Alabama teenager donates his hair, raises money for children with cancer


Kieran Moïse, 17, before and after having his 19-inch hair cut and donated to the nonprofit Children With Hair Loss, which provides human hair replacements to children and teenagers facing medically-related hair loss, in Huntsville, Ala. (Courtesy of Gregg Gelmis via AP)


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Kieran Moïse’s afro was a splendid 19 inches, a huge part of his personality. But after six years of growth, the 17-year-old Alabamian knew that he and his hair would soon be parted: He was bound for the U.S. Air Force Academy.

So in memory of a friend who died from cancer, he cut it off and donated it to the nonprofit Children With Hair Loss, which provides human hair replacements to children and teenagers facing medically related hair loss due to cancer treatments, alopecia and burns.

“I knew I didn’t want it to just get cut off and thrown on the floor, so I wanted to give back,” he said. “I knew I wanted to send a message.”

He did — and many responded. Moïse printed out flyers and spread the word on social media for an event held by the nonprofit at a brewery in Huntsville, Alabama. There, family, friends and even some of his elementary and middle school teachers took turns cutting his hair in braids. His story was widely shared online.

“It’s good to see good news and see … that people are still doing good things, because all it does is inspire others,” he said.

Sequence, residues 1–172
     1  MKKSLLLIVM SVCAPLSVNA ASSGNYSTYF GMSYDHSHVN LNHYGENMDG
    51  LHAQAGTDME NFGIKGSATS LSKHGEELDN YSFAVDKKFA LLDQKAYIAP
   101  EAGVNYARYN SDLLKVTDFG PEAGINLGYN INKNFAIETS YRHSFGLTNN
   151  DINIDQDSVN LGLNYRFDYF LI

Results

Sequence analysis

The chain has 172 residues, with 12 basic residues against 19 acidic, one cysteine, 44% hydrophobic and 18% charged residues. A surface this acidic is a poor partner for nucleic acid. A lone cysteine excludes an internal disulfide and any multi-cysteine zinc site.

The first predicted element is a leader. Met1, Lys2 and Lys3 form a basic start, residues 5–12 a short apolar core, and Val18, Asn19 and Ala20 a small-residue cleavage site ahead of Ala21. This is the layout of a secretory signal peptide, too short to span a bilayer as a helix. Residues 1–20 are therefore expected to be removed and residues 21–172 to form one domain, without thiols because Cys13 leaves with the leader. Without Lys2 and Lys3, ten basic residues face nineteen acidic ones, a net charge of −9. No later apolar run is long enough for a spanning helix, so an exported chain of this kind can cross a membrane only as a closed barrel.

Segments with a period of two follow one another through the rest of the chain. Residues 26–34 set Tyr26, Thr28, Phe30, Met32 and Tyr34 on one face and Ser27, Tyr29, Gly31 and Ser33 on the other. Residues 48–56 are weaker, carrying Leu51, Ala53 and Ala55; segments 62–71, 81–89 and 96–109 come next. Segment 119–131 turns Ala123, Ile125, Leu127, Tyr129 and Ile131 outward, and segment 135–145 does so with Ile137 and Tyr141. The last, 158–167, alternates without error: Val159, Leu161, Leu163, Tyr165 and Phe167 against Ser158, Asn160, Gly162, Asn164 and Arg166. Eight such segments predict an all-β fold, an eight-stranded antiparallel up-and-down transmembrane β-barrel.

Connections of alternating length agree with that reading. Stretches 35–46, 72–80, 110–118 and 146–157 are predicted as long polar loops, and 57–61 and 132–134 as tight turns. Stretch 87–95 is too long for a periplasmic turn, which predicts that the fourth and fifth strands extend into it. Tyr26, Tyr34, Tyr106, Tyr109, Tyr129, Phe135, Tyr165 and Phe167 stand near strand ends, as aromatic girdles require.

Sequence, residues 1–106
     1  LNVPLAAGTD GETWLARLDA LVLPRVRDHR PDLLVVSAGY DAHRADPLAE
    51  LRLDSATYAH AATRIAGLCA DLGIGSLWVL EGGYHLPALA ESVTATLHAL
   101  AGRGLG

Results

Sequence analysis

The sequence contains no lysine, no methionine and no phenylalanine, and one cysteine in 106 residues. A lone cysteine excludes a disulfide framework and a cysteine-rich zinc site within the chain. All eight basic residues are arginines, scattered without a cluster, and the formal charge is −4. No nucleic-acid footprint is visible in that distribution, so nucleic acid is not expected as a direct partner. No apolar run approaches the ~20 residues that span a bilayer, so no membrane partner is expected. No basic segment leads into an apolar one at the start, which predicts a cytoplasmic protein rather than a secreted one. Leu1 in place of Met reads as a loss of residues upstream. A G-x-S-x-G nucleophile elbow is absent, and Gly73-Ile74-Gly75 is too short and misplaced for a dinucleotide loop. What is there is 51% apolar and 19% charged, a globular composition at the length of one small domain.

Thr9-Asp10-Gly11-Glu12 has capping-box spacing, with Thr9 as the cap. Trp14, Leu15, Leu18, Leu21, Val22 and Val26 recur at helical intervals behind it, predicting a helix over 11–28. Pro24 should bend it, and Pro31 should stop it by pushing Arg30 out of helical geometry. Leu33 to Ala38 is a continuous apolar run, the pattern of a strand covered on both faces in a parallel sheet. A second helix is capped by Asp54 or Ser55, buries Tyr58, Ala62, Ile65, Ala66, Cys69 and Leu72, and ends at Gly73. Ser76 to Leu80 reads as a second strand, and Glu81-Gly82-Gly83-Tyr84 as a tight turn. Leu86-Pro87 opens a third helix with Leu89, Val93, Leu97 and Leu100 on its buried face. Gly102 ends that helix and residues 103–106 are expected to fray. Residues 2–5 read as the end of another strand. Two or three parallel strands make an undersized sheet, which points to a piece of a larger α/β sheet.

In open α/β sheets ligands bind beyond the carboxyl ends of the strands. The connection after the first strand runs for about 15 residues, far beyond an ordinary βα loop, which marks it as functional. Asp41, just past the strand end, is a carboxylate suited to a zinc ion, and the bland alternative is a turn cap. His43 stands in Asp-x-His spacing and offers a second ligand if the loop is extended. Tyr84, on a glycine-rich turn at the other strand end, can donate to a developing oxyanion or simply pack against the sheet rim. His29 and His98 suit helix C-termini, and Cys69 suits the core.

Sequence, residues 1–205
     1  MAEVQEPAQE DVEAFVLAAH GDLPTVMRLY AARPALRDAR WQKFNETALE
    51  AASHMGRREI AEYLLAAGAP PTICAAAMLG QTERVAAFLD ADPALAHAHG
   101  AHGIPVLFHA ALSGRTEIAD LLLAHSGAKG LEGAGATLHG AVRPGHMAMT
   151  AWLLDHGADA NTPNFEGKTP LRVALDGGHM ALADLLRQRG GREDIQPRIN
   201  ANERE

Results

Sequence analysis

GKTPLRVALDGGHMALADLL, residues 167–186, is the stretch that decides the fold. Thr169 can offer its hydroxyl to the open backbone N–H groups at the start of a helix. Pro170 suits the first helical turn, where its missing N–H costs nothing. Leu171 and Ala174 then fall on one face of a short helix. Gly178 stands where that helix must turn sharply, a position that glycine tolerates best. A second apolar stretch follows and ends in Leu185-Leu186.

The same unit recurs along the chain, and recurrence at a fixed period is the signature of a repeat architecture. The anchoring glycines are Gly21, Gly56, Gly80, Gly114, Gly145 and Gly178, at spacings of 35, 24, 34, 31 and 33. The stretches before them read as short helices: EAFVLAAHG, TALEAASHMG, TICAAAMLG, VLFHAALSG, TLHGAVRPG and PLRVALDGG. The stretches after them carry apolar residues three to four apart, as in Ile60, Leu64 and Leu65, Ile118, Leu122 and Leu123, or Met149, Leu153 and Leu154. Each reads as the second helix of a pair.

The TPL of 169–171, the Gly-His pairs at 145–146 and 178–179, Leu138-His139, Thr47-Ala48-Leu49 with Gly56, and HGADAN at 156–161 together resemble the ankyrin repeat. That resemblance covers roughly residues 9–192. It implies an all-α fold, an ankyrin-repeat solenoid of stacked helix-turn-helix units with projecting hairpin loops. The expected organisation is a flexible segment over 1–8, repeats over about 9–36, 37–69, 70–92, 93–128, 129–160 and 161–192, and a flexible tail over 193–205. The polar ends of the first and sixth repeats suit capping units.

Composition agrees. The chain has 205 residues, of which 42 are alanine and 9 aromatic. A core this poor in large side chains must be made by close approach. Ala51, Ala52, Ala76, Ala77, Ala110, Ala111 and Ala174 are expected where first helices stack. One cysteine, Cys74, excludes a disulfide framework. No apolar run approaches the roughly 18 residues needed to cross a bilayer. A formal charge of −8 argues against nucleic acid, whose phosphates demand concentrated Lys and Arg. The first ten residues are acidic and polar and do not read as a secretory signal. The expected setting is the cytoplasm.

“That’s really what I want to come out of this: I want other people to (say), ‘Hey, if he’s doing this, so can I.’”

Moïse also launched a fundraiser through St. Jude Children’s Research Hospital, which had helped his late classmate, Josh Quist. He died when they were in middle school. “That’s when I started hating cancer,” Moïse said.

Initially, Moïse hoped he could raise $19,000, or $1,000 per inch of hair. “Kieran’s Curls for Cancer” has exceeded expectations and has already raised nearly $35,000 for St. Jude.

Small gestures of kindness, Moïse said, can spread. “When you smile, that usually makes someone else smile, and then that one smile can brighten someone else’s day,” he said.

“I know I’ve had rough days where someone just does something nice for me or I see them do something nice to someone else, and I remember that the whole day.”

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